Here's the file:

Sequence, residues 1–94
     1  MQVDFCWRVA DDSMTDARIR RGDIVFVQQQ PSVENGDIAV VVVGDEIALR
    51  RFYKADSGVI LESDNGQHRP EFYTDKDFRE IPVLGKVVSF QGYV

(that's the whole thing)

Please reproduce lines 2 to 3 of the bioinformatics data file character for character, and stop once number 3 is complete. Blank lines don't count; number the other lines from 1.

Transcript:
     1  MQVDFCWRVA DDSMTDARIR RGDIVFVQQQ PSVENGDIAV VVVGDEIALR
    51  RFYKADSGVI LESDNGQHRP EFYTDKDFRE IPVLGKVVSF QGYV